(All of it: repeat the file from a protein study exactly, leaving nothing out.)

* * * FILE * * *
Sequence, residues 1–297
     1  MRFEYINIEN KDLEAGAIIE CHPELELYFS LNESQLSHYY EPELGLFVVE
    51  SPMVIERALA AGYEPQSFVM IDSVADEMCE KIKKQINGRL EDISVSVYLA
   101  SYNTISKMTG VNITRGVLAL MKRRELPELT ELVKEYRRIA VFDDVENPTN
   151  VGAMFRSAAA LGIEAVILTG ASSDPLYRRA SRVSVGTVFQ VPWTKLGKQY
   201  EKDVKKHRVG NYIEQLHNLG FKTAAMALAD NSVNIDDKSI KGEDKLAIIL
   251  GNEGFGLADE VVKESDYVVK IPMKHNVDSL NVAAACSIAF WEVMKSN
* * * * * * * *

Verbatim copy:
Sequence, residues 1–297
     1  MRFEYINIEN KDLEAGAIIE CHPELELYFS LNESQLSHYY EPELGLFVVE
    51  SPMVIERALA AGYEPQSFVM IDSVADEMCE KIKKQINGRL EDISVSVYLA
   101  SYNTISKMTG VNITRGVLAL MKRRELPELT ELVKEYRRIA VFDDVENPTN
   151  VGAMFRSAAA LGIEAVILTG ASSDPLYRRA SRVSVGTVFQ VPWTKLGKQY
   201  EKDVKKHRVG NYIEQLHNLG FKTAAMALAD NSVNIDDKSI KGEDKLAIIL
   251  GNEGFGLADE VVKESDYVVK IPMKHNVDSL NVAAACSIAF WEVMKSN